Vongai: It’s important that we're having this [sings] crossover episode. I’d say it’s part one, because I’m going to be on yalls very soon that’s going to be the part two, y'all. It's important that this is happening, because it's important to have examples of Black women supporting each other and not being in catfights, like Real Housewives of Atlanta, my guilty pleasure.
Amanda: Mine too.
Vongai: And just women general. Y’know, all of these reality shows like The Bachelor and all of that, it's important that there are examples of women supporting each other and Black women supporting each other without it turning into a whole catfight. And wigs being pulled and all of that, right. It's important to be supporting each other as Zimbabweans, because I feel like there's often been this like belief system of, Oh, I can't share my good fortune or my success, because there'll be jealous or they'll curse on me go to n’anga (witchdoctor/traditional healer) and do this, and all that jazz.
Rumbi: 1,000% and it's like, there's only room for one or there's only room for certain girls.
Amanda: It’s so funny we accept like 20 white shows that are showing us exact same thing. And we're like, yeah, that's fine and watch season after season. But when it comes to Black or people of color productions or creative outlets, when we have this sense of tokenism, which really maybe did come from colonialism, but also came. We’re also perpetuating it, because we're just making it like, Oh, this is only be one podcast, or they will only be one but who said like why is it other people allowed to have 20 of these and all of them be successful? But when it comes to us, like we immediately think they can only be one? I mean, they can only be one Beyonce, we do admit this.
Rumbi: Hail, all hail the queen, yes.
Vongai: Yes Queen Bey.
Amanda: We do admit to that point. Beyonce but there’s a lot of other, you know, singers, you know, so it's like, I think it's like that, and like when we, we we started talking and vibing Vongai I loved that, that it's like, we’re supportive. It's a community and this is what this is, you know, you share ideas, you you you help each other up. And I think people look at it like this my thing I can't share it in this, like, you know, there's a difference between IP and there's a difference between, you know, having a community and I think yeah, this is having a community you know, we've got our podcast that does what we're doing. You've got your beautiful podcast that does what it’s doing but it should shouldn't have to be competing. It can be in the same space.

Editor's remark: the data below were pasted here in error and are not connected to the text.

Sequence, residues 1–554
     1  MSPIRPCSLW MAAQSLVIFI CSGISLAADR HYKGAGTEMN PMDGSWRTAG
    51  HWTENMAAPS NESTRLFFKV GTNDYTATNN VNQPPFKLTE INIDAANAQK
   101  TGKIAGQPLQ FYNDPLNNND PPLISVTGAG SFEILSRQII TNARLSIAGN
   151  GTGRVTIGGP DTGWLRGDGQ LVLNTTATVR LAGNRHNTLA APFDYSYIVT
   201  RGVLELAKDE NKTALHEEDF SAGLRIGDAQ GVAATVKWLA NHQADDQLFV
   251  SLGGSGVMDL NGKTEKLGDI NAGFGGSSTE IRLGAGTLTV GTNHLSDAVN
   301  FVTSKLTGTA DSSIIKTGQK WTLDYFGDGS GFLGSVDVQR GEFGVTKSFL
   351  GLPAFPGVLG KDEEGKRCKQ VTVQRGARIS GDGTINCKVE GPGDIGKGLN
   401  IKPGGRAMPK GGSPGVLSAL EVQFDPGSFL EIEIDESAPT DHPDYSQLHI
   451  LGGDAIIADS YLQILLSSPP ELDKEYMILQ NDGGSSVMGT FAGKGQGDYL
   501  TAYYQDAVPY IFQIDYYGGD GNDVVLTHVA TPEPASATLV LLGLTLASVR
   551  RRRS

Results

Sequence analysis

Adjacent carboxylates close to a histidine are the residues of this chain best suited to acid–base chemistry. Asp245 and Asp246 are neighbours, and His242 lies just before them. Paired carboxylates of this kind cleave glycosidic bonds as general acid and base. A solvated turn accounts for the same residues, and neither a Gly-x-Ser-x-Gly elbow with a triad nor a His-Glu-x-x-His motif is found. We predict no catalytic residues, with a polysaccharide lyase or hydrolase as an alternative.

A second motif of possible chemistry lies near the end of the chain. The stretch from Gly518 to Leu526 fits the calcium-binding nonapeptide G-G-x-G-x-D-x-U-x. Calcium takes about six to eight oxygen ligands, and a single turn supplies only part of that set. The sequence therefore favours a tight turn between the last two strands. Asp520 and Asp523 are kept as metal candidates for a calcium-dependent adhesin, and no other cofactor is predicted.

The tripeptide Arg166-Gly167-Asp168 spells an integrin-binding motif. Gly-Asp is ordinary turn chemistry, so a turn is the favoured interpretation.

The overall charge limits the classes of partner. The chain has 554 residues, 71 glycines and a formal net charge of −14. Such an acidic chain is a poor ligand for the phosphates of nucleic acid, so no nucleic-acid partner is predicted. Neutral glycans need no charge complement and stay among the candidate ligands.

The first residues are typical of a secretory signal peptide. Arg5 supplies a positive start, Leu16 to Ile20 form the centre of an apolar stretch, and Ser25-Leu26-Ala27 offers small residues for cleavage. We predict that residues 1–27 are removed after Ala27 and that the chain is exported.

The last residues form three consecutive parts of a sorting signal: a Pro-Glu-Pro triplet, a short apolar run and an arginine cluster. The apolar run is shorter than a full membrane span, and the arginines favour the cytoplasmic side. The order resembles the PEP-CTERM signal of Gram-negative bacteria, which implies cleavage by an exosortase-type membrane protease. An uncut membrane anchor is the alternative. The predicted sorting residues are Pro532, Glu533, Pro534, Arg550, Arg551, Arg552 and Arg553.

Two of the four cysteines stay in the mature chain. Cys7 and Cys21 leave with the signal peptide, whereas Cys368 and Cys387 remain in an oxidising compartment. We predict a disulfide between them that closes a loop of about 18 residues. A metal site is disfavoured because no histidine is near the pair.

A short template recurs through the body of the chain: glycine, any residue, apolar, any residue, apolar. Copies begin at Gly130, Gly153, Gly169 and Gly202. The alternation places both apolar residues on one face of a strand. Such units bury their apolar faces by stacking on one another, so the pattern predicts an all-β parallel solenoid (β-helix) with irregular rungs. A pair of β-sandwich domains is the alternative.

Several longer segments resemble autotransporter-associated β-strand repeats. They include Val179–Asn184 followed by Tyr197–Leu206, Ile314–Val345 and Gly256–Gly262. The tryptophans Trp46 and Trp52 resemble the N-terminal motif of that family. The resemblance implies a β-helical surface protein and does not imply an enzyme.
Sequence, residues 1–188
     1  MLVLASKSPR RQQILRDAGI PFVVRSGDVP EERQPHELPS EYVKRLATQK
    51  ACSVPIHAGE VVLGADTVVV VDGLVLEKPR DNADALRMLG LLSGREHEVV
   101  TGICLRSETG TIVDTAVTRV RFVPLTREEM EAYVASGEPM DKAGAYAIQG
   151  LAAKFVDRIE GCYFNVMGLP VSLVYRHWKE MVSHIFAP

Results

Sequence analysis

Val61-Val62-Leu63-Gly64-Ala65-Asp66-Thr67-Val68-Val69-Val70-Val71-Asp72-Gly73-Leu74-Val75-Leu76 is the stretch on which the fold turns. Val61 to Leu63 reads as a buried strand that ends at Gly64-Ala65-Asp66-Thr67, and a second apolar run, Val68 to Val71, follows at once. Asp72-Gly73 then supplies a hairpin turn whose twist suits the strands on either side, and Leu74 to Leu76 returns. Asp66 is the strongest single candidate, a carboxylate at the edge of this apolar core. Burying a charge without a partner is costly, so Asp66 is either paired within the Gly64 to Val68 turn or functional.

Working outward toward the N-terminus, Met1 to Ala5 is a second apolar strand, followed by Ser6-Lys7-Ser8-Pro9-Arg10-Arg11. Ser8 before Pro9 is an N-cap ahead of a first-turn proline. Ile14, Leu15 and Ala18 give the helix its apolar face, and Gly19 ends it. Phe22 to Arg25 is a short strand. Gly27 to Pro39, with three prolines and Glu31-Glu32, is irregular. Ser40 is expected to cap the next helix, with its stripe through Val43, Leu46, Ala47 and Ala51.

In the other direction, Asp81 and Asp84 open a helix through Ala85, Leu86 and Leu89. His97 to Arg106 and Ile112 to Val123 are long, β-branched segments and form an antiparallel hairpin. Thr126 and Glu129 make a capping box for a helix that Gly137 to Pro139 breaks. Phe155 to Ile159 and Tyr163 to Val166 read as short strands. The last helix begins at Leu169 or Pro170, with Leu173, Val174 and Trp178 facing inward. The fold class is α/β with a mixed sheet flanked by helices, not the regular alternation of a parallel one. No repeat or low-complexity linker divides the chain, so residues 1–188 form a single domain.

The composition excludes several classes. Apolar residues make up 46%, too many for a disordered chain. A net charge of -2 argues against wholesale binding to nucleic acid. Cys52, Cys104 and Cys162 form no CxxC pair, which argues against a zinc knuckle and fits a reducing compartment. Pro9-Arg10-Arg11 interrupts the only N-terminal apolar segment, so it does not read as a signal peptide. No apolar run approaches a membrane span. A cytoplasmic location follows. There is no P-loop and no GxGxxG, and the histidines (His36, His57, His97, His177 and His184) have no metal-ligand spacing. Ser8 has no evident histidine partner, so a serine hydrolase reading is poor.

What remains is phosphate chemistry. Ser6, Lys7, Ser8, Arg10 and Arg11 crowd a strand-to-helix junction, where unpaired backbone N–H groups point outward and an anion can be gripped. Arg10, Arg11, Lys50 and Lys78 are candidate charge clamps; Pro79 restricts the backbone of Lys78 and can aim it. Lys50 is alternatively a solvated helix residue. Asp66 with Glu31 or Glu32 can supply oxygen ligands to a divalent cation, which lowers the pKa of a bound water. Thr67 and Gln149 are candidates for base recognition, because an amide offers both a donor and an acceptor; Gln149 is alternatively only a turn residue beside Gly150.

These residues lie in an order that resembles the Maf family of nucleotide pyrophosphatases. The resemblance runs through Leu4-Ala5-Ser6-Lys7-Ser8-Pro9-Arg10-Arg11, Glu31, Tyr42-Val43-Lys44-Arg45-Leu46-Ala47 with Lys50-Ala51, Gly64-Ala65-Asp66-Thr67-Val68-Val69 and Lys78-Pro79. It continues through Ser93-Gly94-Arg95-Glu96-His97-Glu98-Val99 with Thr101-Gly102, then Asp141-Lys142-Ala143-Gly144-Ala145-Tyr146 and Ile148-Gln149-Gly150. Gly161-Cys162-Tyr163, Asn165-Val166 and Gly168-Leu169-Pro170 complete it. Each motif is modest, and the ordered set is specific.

Rumbi: Just think of yourself as a consumer of content. Like how I wait for Black movies to come out on Netflix. Like How are we still here? Like, how is it still a thing where you’re counting down? You're like, yo, do you see this new show that's come out? Do you get what I mean? And it's like, brah. Shouldn't we be like, Oh my gosh, I was watching this. And then I'm like, do you get what I mean? So there’s absolutely room for everyone. And I think it's like, Come on people like it's okay. And the sharing of knowledge or, you know, helping each other. Ain't nothing wrong with that. If you're, you're good. You're good. Like, it's okay. It's not the end of the world like, Yeah, I don't know. I just get tired.
Vongai: Two things, the first thing to say is, you know, I don't want to be over here like turning, you know, turning my eyes away like “Oh, no, it's layered, exists, I can't see what they're doing. Because I'll be influenced or like, they hate me, or I'm in competition with them,” and all of that stuff. And at the same. And then the second thing I want to say is that different audiences are receptive to different voices. So we could be saying the exact same thing. But one person might find the way it's being said on It's :ayered more, I guess, they might be more receptive to how it's being said, and it's layered. And on my show, they might think, Oh, you know, musalad, like, she's very pretentious, and might not be receptive on my end.
Rumbi: Or maybe people just want to hear it said from two different perspectives too or Yeah, it's, yeah,
Amanda: The same way we have, like five actors and actresses that we like, we don't just have one and follow one. Yeah. You know, so why can't it be like that with, you know, with what Black creatives are doing, we can like it all. And it's fine. You know, so even from what Rumbi was saying, from a consumer point of view, if I've got enough money to go to this movie, I've got enough money to go to another movie. So it's like, I can give you my time I can give you if you do quality stuff, it's fine. Yeah. And I think people always compete when you don't need to,
Rumbi: You don't and I hate it. Like, as a consumer, it's like when I'm like, oh, I've listened to all the podcasts that like, you know, when you like it's training, and then I'm going to go to the Discover pages, and just all these, like white shows. And I'm just like, why like give me something? You know what I mean? Like, I don't know, like, it's so, so frustrating, like having to search high and low for what you can relate to. And I think of like, if I'm listening to a podcast on mental health, like if there's something an issue I'm currently like, working through, I might want to listen to different perspectives or different people, or have it kind of, you know, before I truly receive it. You know, just like with Black Lives Matter, we didn't say to someone, just go and watch 12 Years A Slave and you understand slavery. You get what I mean? Yeah. The other ways to understand it, you can watch Boyz N hood. But then you can also watch.
Vongai: Love Jones or Brown Sugar.
Rumbi: Love Jones!
Amanda: YES !
Vongai: Because it’s important to see Black people in love and doing the exact same thing that Meg Ryan and Tom Hanks be doing in the movies?
Amanda: And not be all from the hood. Please
Vongai: It’s important for us to see rich black women being like, I don't want to date him. Like, I’m too busy my career.
Rumbi & Amanda : Yeah.